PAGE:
In music, the eyes matter as much as the ears

Cellist Yo-Yo Ma plays a solo with the Detroit Symphony Orchestra  Photo: AP

Cellist Yo-Yo Ma plays a solo with the Detroit Symphony Orchestra Photo: AP

A new university study about the importance of the eye in appreciating music shows that the classical music world has to stop believing in the fairy-tale that ‘only the notes matter’, says Ivan Hewett.

Like any cultural practice that feels under siege, classical music tries to defend itself with taboos and prohibitions. One of these is to do with the relative importance of the eye and the ear in musical experience. It’s part of the ideology of classical music that only the ear counts. “The notes are the thing!” is the cry of the classical music purist.

The notion that the eye might play more than an ancillary role – the icing on the cake of musical experience – must be repelled, in a spirit of righteous purism. There’s an implied sneer at pop, where the notes are very far from being “the thing”. Everyone involved with pop knows that other things are just as important. The musicians’ gear, the light-show, the merchandising, the fanzines, the “attitude” – all these are just as vital a part of the experience as the song itself.

As with all ideologies, this one produces a kind of willed self-delusion in its adherents. Even classical music enthusiasts know in their heart of hearts that the dress and movements and facial gestures of musicians make a vast impact on the way concert-goers judge their performances. Up to now they’ve been in denial about this, and no-one has disturbed their illusion. But thanks to some research recently undertaken at University College London, the secret is finally out.

The aim of the research was to compare the responses of 1000 volunteers – some musical novices, some professional musicians – to three different recorded versions of the same performance by finalists in music competitions. One version showed images only, another offered only the sound, and the third offered both images and sound. They were then asked to guess which of the performers had carried off the top prize.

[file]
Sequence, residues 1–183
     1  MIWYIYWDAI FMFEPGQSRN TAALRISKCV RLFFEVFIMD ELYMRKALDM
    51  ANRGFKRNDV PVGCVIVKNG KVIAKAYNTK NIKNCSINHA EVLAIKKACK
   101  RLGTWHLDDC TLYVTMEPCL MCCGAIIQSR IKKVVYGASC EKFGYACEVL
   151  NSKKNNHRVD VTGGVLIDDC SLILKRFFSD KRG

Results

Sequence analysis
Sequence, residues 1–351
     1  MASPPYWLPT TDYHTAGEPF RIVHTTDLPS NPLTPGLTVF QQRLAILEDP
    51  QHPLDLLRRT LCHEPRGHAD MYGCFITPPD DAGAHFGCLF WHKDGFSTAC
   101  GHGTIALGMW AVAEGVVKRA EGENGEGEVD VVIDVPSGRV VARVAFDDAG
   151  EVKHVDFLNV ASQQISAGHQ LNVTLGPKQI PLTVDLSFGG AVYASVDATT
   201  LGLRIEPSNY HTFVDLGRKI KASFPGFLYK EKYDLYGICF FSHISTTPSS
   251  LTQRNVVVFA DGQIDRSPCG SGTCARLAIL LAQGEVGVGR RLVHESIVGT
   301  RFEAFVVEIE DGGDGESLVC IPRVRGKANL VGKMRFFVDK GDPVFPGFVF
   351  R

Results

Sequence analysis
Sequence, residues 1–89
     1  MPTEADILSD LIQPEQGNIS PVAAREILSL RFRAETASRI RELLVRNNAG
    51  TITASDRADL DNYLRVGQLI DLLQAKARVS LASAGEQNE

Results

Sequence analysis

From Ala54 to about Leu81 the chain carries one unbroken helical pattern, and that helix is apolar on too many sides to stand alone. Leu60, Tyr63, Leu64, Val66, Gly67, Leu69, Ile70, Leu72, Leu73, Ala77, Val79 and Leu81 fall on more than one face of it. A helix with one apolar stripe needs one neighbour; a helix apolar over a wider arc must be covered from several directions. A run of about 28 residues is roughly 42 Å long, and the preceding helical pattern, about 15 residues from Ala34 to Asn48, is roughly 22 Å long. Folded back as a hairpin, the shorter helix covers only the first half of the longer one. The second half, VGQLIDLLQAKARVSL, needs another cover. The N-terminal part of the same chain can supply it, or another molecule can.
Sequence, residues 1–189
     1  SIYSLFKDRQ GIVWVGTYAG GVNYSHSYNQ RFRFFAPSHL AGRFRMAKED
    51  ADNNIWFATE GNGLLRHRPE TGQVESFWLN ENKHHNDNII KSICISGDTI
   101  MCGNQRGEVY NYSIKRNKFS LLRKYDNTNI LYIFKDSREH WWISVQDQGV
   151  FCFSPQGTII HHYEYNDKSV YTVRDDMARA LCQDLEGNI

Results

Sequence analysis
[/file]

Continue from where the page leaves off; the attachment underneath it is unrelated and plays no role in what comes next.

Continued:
The results were startling. When offered the sound-only recordings, only a quarter of the “novices” got it right, despite the fact that 83% of them declared that the sound of the music was what mattered most. When they watched the silent videos, the success rate more than doubled, to over 50%.

With the professionals, things were even worse. 96% of them insisted that “the notes are the thing,” yet on the sound-only test, a mere 20.5% picked the winner. Dr Chia-Jung Tsay (left), who led the study, said one interpretation of the results is that the visible “passion” of the performers was far more important than those aural manifestations of “quality” that the classical music world deems important. “Professional training may hone musicians’ technical prowess and cultivate their expressive range,” the researchers conclude, “but in this last bastion of the realm of sound, it does little to shift out natural and automatic overweighting (sic) of visual cues.”

Oh the humiliation. Classical musicians spend years doing formal analysis, pondering the mysteries of the great masterpieces, and trying to articulate how performance can best reveal those mysteries. But as soon as a pianist comes along who can give a really impressive Oscar-winning performance of the “inspired artist”, sweat dripping from his brow, all that high-minded stuff goes out the window.

So should we just give up, and admit the whole vocabulary of music criticism is a sham, and that classical performance would be better judged by theatre critics? Not at all. As I suggested above, this research has only told us something we already knew, if we were honest with ourselves. Classical music is after all part of music as a whole. If you survey the entire history of music, across all ages and cultures, you won’t find a single example of musical performance where sound is all that matters, and the visual stimulus counts for nothing. How could it be otherwise, when we listen to performances with our eyes open rather than shut?

The sight of the performers, their dress, their gestures, even the way they walk, is indissolubly bound up with the sounds they make. It’s the interaction between sight and sound that makes live performance so endlessly fascinating (and the lack of that interaction that makes listening to CDs such a dreary and impoverished experience).

Acknowledging this doesn’t mean the formal grasp of a great performer, and their mastery of aural nuance, matters any the less. What it does mean is that the classical music world has to stop believing in the fairy-tale that “only the notes matter.”

Ivan Hewett (The Telegraph) / August 20, 2013

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